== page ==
Managing your new web design client’s expectations starts from the very moment they land on your website. It continues on with the initial phone call. From there it should be carried over into sales meetings, and then of course passed on to your account managers. Everyone on your team must be on the same page; otherwise, over-promising and under-delivering will be the downfall of your company.
However, in my 10+ years running a very successful web design business in Chicago, one particular thing really stood out to me as the most important thing my team needed to understand and say to the client. In fact, it was something we said multiple times to our clients as a friendly reminder. Otherwise, managing our web design client’s expectations would be impossible.
Leonardo da Vinci once said, “Art is never finished”. Nothing could be more true. Art will never be finished. It will last forever. That’s what make it so inspiring and so great. But, if art really is never finished, then a web design business could stand to be in serious trouble if the business doesn’t set clear expectations for the web design project. Therefore, in my opinion, the most important thing an agency must remind clients of is that “Web design is never finished.”
Those five important words will change our change agency. Here’s why:
1. Constant Revisions
Requests for constant revisions from your client are not their fault. It’s your fault. Take responsibility so you have the power to change and fix the problem. Because web design is never finished, requests for revisions can go on forever.
Six ways to control the amount of revision requests from your clients:
- Remind clients that “web design is never finished”.
- Add a clause in your contract for the number of revisions (I recommend 2-3 rounds).
- Only do revisions in rounds. Don’t accept one revision at a time.
- Charge for extra rounds of revisions.
- Change the deadline for extra rounds of revisions.
- Launch the site before accepting any extra rounds of revisions because “web design is never finished”.
2. Back-burner Projects
Nothing is worse than a project that has been put on the back-burner. You’re frustrated at the seemingly endless work and even worse your client goes radio silent. Again, don’t blame your client. They have no idea how to manage a web design project. That’s your job. Web design projects that never end slowly eat away at your soul. You lose sleep over them, and your anxiety builds and builds over time.
How to take projects off the back-burner:
- Remind clients that “web design is never finished”.
- Schedule a new kickoff meeting to get the momentum high again.
- Add a clause to your contract that charges a fee for radio silent clients after 3 days.
- Hold a mandatory weekly call.
3. Opportunity Cost
What else could you be working on right now, instead of this web design project that will never end. How much money are you losing out on from other projects you could be focused on? That’s opportunity cost. It grows each day your web design project lingers on. A client that is never happy with the design of their website will never want to “finish” the project. You must be careful of this. So, manage their expectations early on by reminding them that web design is never truly finished. Get them focused on launching the site and remind them you can make changes after launch.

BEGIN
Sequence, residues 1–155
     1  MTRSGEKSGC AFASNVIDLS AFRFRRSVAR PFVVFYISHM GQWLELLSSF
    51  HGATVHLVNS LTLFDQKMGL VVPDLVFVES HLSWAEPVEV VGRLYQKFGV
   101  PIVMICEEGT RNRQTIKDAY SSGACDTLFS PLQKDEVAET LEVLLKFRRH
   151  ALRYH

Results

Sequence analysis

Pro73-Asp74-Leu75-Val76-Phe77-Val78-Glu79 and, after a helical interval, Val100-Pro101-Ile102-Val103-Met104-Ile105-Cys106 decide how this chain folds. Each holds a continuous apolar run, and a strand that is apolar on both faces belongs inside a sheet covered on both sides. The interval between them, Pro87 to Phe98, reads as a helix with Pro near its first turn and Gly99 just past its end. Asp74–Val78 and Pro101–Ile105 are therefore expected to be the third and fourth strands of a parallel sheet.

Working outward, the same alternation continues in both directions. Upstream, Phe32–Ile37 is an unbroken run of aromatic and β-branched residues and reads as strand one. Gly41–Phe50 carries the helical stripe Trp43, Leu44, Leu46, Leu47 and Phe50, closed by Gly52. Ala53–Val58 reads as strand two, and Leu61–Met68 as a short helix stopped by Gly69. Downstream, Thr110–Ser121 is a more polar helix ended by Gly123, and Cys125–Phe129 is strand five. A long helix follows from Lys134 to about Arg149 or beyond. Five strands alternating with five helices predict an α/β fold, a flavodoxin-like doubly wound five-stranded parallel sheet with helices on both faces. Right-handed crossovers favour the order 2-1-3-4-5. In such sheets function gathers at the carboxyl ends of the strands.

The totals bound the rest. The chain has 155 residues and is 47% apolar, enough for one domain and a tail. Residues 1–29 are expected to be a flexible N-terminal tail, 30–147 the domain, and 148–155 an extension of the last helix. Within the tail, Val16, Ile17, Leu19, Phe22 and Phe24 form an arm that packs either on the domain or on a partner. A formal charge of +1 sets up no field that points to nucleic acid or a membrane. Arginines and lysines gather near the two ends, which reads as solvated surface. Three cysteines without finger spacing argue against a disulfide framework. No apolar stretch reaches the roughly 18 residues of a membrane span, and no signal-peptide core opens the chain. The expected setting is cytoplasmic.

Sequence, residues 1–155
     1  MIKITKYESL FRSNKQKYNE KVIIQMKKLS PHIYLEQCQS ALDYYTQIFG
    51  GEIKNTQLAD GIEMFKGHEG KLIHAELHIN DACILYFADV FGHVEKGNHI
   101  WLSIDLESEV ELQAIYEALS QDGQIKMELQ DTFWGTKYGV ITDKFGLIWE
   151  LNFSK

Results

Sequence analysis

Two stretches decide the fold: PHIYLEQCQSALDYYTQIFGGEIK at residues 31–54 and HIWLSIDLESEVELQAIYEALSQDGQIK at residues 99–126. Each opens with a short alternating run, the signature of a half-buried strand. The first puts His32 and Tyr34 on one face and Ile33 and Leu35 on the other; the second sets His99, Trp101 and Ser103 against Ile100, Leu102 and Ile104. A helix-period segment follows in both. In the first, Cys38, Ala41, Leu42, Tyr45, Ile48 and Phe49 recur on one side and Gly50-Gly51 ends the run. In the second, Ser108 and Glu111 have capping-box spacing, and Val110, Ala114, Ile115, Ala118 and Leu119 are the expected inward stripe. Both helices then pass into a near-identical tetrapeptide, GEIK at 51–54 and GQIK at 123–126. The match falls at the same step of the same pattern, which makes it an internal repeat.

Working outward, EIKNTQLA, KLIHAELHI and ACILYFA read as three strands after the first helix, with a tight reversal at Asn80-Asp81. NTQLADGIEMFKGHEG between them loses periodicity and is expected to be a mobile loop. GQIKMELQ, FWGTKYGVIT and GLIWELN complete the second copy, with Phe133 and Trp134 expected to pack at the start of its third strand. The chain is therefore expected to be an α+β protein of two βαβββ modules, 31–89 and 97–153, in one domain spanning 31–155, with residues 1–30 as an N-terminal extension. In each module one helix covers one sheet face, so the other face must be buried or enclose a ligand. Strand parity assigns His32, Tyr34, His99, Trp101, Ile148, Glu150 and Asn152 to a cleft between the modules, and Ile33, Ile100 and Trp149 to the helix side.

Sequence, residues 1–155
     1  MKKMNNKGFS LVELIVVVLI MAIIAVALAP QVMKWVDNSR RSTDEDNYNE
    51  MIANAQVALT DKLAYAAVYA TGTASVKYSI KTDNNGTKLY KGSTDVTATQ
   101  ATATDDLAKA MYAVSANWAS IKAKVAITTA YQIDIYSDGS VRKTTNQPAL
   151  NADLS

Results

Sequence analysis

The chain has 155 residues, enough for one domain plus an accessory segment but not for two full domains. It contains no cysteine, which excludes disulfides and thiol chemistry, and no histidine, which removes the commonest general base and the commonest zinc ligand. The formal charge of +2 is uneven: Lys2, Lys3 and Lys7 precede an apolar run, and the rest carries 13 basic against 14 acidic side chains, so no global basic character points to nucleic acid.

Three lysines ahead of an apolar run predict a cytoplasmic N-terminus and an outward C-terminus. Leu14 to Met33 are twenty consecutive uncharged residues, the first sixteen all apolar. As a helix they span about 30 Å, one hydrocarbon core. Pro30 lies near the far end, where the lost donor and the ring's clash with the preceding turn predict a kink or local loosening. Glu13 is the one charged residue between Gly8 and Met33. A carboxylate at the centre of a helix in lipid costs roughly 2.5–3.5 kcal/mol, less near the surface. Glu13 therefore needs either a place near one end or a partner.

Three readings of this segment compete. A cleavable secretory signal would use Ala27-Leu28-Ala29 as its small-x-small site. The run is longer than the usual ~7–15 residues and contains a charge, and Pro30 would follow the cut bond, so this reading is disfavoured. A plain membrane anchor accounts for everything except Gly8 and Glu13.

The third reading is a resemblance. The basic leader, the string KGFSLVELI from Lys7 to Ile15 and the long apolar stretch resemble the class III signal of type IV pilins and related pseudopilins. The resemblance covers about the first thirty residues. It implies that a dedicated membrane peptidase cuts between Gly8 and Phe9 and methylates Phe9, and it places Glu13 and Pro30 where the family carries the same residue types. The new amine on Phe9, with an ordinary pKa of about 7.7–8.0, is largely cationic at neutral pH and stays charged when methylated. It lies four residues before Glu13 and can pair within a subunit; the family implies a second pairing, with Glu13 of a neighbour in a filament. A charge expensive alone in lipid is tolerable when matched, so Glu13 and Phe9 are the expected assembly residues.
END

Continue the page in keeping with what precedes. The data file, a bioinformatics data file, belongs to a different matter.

4. Low Morale
I’ve seen this before. Project managers and web designs who roll their eyes at the very thought of having to work on a project that never ends because the client is never happy. They want tweaks. They make countless revisions and occasionally they get frustrated and go radio silent. Don’t let low morale infect your agency. Remind your clients that they will be working on this site forever, so it’s important to get the site launched so they can start tweaking as they A/B test their changes. After all, web design isn’t a turnkey solution. Every site must A/B test constantly to find the right formula that works for them.
My favorite web design testing sites:
- Optimizely (A/B testing software)
- CrazyEgg (Heat mapping)
- Conversion XL (My favorite conversion blog)
- Qualaroo (Qualitative analytics)
5. Scope Creep
Scope creep is one of the most dangerous things in web design. “Scope” is the outline of work at the beginning of a project, and “creep” is all the extra work that manages to creep into the scope throughout the course of a project. Not only is scope creep is big momentum killer to your team, but it’s a huge frustration among agency owners because the loss of money is not measurable.
How to avoid scope creep:
- When your clients ask for “5 minutes” of extra work, remind them that this website will truly never be finished, so you can save extra changes for after launch.
- Use a checklist every step of the way throughout the course of your project. Never deviate from that list.
- Have you clients sign off on the scope of work and checklist before work begins, and after you’ve signed a contract.
- Remind your project managers and designers that they are not authorized to give anything away to the clients for free. If it’s not on the client approved scope of work, then it’s extra. End of story. Hey, I wish we could give things way for free. I really do. But 5 minutes can easily turn into five hours, and five hours can easily turn into five days.
We love web design, that’s why we do it. But to truly love something you have to appreciate it. Web design is never finished. Having that understanding will make your web design agency a better business because your team will be happier and your clients will be happier. My suggestion is to have a quick meeting with your entire team and share this important expectation so they can share it with their clients and future clients. Thanks for reading and good luck.